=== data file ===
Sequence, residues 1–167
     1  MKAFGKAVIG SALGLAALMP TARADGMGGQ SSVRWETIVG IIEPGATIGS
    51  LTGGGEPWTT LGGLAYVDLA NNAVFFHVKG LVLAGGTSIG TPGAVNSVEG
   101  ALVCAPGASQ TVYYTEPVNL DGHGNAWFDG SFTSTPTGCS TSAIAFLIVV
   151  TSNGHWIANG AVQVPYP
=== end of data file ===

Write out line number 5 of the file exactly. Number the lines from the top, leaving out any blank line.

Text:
   151  TSNGHWIANG AVQVPYP